This was a stressful week, but it ended well. I was able to pick up my wife from her job on Thursday evening (after an unexpected emergency that ended up working out). That was nice, because I almost never get to do that. As usual, I suggested going out to dinner to decompress, and as usual, I offered her a bunch of options. She is a much pickier eater than I, and too often, her catch phrase when trying to choose a restaurant or even a type of food to eat is “Nothing sounds good.”
But that night, she was craving fresh pasta, ideally squid ink pasta. I’m not typically the biggest fan of going out for pasta because let’s face it — restaurant pasta dishes are expensive, and I buy good-quality DeCecco pasta, cook it perfectly al dente at home in well-salted water (with no oil, ever!), and either make my own sauces or doctor up a good commercial sauce like Mezzetta or Rao’s. But I’m not hardcore enough to make fresh pasta from scratch, so it’s a rare and worthwhile indulgence. There was only one possible place to go: Trevi Pasta in Orlando’s hip College Park neighborhood near downtown. https://www.trevipasta.com/
Trevi Pasta is a very small, family-owned operation famous for fresh, homemade pastas and sauces. They also have delicious gelato and other Italian desserts, and some Italian groceries.
Get this — they didn’t have squid ink pasta that night, but they told me they would have it this weekend. But the chef had a very small amount in the kitchen, and he brought it out for us to try, just to be a cool and good guy! It was served simply, with olive oil and herbs, and it was black as the night, briny, and al dente AF:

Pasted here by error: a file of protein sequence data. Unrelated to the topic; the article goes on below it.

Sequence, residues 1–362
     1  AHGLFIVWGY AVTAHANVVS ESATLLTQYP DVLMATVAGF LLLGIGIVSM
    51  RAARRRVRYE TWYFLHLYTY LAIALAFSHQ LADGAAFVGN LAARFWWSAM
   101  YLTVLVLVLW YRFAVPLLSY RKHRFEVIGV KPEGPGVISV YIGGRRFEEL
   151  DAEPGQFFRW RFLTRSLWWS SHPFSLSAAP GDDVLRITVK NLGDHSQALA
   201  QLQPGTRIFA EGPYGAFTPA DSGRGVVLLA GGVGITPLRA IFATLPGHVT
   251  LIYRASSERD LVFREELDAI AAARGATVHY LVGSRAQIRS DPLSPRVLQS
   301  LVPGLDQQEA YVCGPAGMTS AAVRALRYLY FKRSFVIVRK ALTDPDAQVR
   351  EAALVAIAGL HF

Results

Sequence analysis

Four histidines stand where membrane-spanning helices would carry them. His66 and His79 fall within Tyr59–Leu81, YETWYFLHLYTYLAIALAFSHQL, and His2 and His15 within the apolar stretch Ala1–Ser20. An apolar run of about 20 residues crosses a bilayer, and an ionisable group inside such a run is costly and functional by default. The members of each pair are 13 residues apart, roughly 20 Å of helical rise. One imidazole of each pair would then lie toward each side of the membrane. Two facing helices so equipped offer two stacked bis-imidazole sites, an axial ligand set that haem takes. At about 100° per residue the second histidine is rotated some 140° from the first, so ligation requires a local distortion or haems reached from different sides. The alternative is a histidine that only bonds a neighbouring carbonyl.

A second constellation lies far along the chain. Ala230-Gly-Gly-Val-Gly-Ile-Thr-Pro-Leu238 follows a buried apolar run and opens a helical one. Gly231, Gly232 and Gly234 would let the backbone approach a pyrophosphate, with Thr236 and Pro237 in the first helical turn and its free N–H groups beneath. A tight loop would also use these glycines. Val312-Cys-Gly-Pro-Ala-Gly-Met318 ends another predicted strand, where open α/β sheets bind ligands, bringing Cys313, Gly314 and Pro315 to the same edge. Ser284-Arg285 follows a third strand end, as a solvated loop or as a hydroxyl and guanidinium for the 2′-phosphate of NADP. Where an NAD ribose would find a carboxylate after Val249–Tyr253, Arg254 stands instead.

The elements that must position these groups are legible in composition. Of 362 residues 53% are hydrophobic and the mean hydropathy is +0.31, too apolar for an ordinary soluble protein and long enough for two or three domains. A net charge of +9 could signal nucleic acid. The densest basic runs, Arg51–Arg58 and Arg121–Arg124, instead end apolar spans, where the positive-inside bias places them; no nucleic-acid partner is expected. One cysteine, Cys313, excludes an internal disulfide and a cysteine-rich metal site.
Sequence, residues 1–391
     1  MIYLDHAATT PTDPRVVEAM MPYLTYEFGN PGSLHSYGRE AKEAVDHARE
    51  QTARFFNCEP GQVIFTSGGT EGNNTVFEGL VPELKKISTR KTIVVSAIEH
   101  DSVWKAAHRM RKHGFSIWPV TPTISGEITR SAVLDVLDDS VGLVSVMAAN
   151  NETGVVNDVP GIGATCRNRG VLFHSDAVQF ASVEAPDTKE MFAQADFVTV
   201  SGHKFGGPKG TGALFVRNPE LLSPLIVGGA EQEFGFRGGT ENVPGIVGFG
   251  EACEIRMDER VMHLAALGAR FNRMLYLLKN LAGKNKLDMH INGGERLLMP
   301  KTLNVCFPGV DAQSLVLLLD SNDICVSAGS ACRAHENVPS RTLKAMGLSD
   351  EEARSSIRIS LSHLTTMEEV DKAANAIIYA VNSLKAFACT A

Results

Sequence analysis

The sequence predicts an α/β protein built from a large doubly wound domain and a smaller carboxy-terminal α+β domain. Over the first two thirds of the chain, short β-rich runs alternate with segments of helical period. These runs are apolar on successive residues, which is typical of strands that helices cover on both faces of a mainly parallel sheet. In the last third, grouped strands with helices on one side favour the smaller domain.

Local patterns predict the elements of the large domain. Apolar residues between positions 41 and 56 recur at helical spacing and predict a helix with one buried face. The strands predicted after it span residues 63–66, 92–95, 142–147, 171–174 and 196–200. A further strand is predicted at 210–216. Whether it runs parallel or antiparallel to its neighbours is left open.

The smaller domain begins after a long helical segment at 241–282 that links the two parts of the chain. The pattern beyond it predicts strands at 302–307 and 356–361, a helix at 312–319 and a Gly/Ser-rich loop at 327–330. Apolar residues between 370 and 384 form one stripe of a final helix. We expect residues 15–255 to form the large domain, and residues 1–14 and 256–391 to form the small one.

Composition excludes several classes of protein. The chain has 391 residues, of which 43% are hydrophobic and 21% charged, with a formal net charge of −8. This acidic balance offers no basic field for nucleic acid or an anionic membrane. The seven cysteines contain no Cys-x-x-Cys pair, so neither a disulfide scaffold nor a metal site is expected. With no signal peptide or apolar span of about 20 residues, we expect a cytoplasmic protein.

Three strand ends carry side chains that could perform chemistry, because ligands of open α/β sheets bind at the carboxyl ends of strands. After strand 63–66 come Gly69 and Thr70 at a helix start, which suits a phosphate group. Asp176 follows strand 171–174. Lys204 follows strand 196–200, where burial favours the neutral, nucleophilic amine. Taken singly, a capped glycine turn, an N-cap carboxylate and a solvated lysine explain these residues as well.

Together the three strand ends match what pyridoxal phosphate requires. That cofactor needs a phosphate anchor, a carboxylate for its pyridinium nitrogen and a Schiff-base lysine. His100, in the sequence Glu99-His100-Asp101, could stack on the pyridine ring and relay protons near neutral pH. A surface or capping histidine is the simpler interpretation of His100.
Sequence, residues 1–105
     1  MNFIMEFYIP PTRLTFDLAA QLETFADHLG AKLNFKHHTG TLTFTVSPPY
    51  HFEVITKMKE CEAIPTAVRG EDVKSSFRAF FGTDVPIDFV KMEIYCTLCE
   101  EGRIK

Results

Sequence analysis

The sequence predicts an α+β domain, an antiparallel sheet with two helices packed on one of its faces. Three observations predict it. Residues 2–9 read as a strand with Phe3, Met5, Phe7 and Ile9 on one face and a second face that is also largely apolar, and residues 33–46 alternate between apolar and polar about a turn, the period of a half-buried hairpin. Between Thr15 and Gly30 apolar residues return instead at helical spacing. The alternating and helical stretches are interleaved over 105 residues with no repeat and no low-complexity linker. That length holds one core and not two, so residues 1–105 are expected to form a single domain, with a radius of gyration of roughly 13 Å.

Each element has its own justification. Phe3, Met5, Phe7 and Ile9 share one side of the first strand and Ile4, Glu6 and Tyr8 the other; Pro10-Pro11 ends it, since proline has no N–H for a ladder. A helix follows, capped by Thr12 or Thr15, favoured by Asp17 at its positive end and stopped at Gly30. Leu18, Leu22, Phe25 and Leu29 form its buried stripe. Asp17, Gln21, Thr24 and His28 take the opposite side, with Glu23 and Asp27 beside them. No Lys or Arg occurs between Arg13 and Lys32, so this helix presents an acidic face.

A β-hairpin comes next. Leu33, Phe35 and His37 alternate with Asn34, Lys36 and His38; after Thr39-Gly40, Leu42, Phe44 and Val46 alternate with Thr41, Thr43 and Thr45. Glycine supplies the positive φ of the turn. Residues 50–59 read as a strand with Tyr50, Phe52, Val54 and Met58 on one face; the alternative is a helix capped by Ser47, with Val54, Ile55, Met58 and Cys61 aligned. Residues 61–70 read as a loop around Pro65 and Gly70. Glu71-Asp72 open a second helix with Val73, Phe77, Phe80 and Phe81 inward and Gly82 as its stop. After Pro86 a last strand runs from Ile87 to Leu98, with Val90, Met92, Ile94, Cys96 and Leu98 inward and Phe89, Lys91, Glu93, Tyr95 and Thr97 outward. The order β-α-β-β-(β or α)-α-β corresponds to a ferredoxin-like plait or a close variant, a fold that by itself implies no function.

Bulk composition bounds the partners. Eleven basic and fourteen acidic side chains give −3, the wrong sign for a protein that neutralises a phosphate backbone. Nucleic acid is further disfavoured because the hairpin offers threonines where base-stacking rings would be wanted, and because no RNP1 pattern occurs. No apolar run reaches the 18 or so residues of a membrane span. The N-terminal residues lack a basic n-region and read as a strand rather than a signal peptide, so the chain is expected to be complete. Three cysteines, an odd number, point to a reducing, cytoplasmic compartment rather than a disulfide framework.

Trevi Pasta regularly changes their offerings, so don’t be like us and ask what they have, since they post a huge menu right near the entrance:
Here’s another version of the menu:
My wife chose the potato gnocchi, usually a favorite of both of ours, but this gnocchi blew away the starchy store-bought kinds we usually get. She got hers with alfredo sauce and a huge, soft looking blob of burrata, that smooth, soft blend of fresh mozzarella cheese and cream.
I went with the spicy “inferno” pasta, and I chose tagliatelle — wider than fettuccine, not as wide as papardelle. I paired it with amatriciana sauce, my favorite pasta sauce, which I often make at home from scratch with San Marzano tomatoes, pancetta, onions, and lots of crushed red pepper flakes. I opted to get mine with meatballs too, and I ended up with four delicious little meatballs with a dense, spongy consistency and lots of flavor.
We both agreed they were the best bowls of pasta we’ve had in a very long time.
The only thing that didn’t blow us away were the rolls, which were on the hard side:
Then for dessert, we went back to look at some of those beautiful gelato flavors, and the nice lady at Trevi Pasta allowed us to sample a few.
My wife chose two scoops: panna cotta and cookies and cream (sorry about not having a photo), and I went with pineapple (I’ll always try anything pineappley) and passion fruit. Both were rich and intensely-flavored and refreshing. Passion fruit is not a fruit or a flavor I usually try, but it was so good — maybe even better than the pineapple!
Each gelato came with a tasty wafer cookie stamped with “Buon Appetito,” which was a nice touch.
I can’t say this was a cheap meal, but it was one of the more delicious restaurant meals either of us have had in a long time, and I don’t mind paying for very high quality. Trevi Pasta’s pasta, sauce, meatballs, and gelato were all masterful, and I have zero regrets. They will also sell any of their fresh pastas by the pound so you can prepare them at home.
In fact, I went back earlier today and picked up some freshly-cut squid ink fettuccine pasta, since we only got a tiny taste the other night. It was beautiful, delicious, and the same perfect texture after cooking for three and a half minutes in boiling water as salty as the sea.